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Jan 25 2006
Bad Signal for Yell on Rate Cap
This article appeared today in the Guardian Newspaper in the U.K., regarding the ongoing review of the rate cap imposed on Yell in the United Kingdom. The Competition Commission has issued a report indicating it may extend or expand the rate cap. We will follow up with our analysis of this development in the coming days.
Blog: Global Yellow Pages Blog
 
posted by  Charles Laughlin at  19:57 | permalink | comments [0] | trackbacks [0]



Jan 25 2006
Shareholders OK RHD-Dex
It�s official. The RHD-Dex Media merger has been approved by shareholders. Here is the release. The deal, which combines two of the top five U.S. incumbent publishers, is expected to formally close at the end of this month.

Here is a summary of the deal from our Local Media Journal, published shortly after the deal was announced last October:

The acquisition will form the third-largest U.S. directory publisher, with estimated combined adjusted revenues of US$2.69 billion and adjusted earnings before interest, taxes, depreciation and amortization (EBITDA) of roughly US$1.48 billion. The new company will have more than 600 titles, 1,800 sales representatives and distribution of about 73 million directories.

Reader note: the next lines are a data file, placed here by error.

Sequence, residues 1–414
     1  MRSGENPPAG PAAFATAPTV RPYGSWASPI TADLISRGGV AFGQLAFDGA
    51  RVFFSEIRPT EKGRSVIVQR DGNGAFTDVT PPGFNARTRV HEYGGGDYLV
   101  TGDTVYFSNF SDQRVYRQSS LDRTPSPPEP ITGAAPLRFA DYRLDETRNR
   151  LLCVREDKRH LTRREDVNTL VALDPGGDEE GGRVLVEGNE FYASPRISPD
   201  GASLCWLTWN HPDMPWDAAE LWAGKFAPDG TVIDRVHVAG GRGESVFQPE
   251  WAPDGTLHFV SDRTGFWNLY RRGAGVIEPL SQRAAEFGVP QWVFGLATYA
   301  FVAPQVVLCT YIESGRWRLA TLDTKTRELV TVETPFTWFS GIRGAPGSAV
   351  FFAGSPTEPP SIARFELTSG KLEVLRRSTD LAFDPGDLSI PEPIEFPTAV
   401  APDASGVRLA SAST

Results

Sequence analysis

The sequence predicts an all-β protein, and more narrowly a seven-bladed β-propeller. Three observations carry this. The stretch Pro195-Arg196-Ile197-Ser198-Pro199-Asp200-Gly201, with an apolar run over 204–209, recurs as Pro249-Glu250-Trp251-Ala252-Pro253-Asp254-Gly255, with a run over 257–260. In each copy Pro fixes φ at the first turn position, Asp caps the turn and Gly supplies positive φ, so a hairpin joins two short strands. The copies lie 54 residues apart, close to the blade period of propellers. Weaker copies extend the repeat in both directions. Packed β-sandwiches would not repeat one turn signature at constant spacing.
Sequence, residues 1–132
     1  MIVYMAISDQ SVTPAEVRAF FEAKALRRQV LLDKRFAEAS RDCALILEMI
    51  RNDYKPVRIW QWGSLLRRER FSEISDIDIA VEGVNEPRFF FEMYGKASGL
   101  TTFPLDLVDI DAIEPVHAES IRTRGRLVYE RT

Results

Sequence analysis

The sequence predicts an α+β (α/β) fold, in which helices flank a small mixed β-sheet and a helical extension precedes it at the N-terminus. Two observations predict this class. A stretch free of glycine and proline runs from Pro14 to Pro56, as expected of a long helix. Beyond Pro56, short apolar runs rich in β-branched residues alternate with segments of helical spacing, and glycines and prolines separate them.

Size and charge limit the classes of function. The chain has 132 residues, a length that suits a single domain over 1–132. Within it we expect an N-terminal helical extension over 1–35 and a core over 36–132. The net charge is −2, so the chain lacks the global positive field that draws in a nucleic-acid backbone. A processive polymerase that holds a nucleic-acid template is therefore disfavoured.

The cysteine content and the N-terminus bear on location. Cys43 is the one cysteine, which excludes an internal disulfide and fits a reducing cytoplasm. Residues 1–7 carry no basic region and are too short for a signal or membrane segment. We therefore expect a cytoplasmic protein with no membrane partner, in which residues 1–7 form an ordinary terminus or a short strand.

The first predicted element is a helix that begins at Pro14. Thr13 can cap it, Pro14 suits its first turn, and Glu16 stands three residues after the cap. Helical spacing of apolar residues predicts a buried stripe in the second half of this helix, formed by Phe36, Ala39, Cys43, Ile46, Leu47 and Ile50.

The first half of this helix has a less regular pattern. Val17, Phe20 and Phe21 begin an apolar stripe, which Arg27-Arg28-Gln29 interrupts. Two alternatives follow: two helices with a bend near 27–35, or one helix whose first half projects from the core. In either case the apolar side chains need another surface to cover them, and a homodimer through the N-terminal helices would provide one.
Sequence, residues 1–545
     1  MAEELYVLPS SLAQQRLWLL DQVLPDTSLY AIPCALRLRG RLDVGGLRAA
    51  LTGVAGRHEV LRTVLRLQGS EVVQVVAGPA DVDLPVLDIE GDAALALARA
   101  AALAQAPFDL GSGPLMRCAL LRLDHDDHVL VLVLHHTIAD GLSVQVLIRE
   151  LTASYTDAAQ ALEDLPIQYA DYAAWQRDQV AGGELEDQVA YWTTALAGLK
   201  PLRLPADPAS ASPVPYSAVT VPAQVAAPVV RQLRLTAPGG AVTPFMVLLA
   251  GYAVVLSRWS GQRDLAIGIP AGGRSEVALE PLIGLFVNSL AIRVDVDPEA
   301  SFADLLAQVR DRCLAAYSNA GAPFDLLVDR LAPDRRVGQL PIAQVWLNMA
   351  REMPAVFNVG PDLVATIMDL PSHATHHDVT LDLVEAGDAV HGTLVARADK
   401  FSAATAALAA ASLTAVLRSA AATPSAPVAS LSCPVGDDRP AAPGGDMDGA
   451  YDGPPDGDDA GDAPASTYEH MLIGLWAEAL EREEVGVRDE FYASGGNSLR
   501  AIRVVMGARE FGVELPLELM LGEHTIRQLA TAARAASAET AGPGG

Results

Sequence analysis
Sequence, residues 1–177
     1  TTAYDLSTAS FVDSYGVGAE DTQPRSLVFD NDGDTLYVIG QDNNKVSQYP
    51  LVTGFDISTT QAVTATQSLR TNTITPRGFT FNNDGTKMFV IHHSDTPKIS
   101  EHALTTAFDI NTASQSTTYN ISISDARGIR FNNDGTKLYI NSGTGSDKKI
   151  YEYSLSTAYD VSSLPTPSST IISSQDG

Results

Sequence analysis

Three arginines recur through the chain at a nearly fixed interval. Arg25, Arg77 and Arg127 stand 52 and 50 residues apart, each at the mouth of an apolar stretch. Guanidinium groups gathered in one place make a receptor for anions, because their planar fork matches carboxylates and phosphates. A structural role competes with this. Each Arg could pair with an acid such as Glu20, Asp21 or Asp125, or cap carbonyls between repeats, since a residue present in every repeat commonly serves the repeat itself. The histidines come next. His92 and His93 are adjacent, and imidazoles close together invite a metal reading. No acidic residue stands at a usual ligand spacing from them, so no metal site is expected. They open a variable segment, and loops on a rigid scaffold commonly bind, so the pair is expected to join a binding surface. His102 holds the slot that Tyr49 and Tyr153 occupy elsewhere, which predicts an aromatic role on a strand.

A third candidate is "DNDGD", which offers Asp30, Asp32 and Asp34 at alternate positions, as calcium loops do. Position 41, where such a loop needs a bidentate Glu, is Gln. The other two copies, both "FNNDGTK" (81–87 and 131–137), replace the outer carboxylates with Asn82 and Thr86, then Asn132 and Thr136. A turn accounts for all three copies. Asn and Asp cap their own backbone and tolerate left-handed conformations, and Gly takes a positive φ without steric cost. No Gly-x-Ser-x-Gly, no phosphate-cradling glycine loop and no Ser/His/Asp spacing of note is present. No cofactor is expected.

The acquisition will have a significant impact on the U.S. directory industry, even if it does not transform the competitive landscape. Acquiring Dex will offer RHD some additional bargaining power with search engines as it looks for ways to drive more traffic to its online customers. The deal also extends RHD�s geographic coverage to 28 states, with incumbent status in 8 of the top 40 U.S. metropolitan markets. Key markets include Chicago, Denver, Las Vegas, Orlando, Phoenix and Seattle.


Blog: Global Yellow Pages Blog
 
posted by  Charles Laughlin at  19:47 | permalink | comments [0] | trackbacks [0]



Jan 23 2006
DCCI Becoming Telmetrics
Here�s a rebranding case study�call measurement firm DCCI changing its name to telmetrics�that appeared in Ken Clark�s YPTalk blog/newsletter. Call tracking will become more important and more central to integrated online-offline campaigns in the very near future.